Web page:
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Copywriting is the activity of composing the words and context specifically for use in sales and marketing.

While many people may have strong English writing skills, effective copywriting involves using powerful language, along with psychological and persuasive elements within the copy to motivate audiences and achieve a specific result with a product or service.

Powerful copywriting requires both great practice as well as experience.


1) Co-workers and family members have many great opinions about our business operations.
But often they can be the worst people to ask an opinion of a piece of written copy.
Their consuming habits and biases about a target market may prevent them from giving quality feedback about an idea or a message.

If a middle aged adult male is listening to a idea, he may not be the right one to choose what works for a girl ages 8 to 13; even if he is a parent of a child that age. Large organizations spend money on research and focus groups to find out the values of their target audiences – and then write the copy that serves their needs.

2) Many business owners let the lure of doing ‘creative things’ distract them from their necessary core operations and tasks.
Sure, it would be more fun to write brochure copy or post on social media sites then to make prospecting calls.

One thing to consider is if you are busy doing those creative tasks, such as copywriting, who is the person who is talking to prospects, doing client follow up or managing the operations for a company? If these are your primary responsibilities, then it is best to multiply your best efforts by involving a professional.


  • Is this copy clear to the reader, especially someone who isn’t in my industry?
  • Does this copy motivate and explain the benefits for taking action now?
  • Am I too close to my business to explain it creatively or effectively?
  • Am I the right one to write copy about my business?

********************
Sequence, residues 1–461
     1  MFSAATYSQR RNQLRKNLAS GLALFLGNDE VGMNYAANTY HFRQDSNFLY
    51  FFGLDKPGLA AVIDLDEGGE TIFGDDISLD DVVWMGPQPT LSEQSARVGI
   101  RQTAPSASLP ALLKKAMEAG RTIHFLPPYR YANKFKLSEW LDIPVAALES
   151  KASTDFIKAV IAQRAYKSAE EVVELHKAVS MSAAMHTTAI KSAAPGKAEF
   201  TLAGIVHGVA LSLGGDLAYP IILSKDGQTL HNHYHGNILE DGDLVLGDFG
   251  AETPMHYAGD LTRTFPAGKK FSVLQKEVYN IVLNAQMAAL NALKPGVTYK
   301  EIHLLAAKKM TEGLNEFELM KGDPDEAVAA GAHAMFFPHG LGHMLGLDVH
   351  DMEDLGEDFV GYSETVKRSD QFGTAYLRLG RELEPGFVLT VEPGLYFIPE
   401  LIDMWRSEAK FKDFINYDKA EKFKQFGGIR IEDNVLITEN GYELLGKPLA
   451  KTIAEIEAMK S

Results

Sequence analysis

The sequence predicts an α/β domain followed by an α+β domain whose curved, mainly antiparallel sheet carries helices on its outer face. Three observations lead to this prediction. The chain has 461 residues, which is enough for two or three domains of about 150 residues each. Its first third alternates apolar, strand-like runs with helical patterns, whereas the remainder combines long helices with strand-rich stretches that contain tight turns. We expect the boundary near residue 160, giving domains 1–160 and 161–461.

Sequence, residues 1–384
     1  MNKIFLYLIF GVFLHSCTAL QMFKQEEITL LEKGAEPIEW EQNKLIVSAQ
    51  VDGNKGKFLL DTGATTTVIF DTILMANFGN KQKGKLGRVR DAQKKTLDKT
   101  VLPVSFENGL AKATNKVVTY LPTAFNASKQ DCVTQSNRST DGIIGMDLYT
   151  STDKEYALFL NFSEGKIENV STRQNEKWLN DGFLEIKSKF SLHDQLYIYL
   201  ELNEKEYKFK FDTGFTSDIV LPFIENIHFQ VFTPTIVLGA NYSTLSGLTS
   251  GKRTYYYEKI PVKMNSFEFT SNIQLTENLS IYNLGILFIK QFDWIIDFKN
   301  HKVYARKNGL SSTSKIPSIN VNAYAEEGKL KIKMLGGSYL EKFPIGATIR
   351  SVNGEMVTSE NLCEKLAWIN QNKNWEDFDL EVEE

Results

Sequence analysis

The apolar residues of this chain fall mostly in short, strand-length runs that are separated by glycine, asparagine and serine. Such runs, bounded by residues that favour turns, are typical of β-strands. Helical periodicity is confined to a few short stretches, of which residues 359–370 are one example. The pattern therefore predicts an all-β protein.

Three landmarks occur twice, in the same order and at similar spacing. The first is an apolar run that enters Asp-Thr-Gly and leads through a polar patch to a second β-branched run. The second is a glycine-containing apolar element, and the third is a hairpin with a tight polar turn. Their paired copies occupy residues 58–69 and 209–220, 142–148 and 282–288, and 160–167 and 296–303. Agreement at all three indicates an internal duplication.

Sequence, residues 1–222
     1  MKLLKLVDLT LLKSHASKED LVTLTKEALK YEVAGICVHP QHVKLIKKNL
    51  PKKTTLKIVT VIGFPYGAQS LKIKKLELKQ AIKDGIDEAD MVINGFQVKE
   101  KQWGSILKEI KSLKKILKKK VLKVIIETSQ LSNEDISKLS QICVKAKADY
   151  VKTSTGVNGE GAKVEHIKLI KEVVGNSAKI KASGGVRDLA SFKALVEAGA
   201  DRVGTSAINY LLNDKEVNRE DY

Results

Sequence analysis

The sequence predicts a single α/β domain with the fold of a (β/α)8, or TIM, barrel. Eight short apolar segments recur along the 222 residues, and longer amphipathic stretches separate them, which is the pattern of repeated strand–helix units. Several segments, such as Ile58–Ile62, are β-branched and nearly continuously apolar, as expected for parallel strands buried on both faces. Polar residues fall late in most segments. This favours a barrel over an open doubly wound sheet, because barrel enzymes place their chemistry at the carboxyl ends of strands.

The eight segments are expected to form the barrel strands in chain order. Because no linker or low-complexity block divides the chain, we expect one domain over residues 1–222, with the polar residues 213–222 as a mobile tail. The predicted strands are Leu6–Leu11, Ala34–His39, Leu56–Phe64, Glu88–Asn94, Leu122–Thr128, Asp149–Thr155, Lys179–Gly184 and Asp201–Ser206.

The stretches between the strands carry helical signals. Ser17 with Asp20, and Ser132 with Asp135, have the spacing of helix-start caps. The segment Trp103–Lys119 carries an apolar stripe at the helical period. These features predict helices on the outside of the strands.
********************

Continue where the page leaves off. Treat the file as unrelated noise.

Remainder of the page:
Copywriting will make or break most marketing you do. Be smart and hire the best copywriter you can afford. You'll be rewarded with a much higher marketing ROI and will be glad you planned it that way.

Herschell Gordon Lewis, author of Direct Mail Copy That Sells, suggests the following procedure for choosing a copywriter:

  • When advertising for a copywriter, list enough specifics about the job to keep novices away.
  • Ask for samples; then ask questions about the samples to validate authorship. If the candidate is boastful or seems more concerned with ego defense than with any admission of participation by others, be cautious.
  • Conduct a personal interview in which you lead the candidate to believe he or she actually has the job and the conversation is just a formality. While closely examining the dialogue, look for two Achilles' heels (a) phony sincerity, and (b) contempt for whatever you're selling. Disqualify any candidate on either basis.
  • Have the candidate take a timed writing test assignment. Lace the instructions with weak words from the list below. If the writer regurgitates more than a couple of those words or uses platitudes and cliches, it could fortell a lack of originality.
  • Give the top three candidates an actual, for-pay assignment. One really good way to find the right writer.

Budget: $1,000 - $25,000 per marketing project or you could spread it out and budget $100 - 2,500 per month.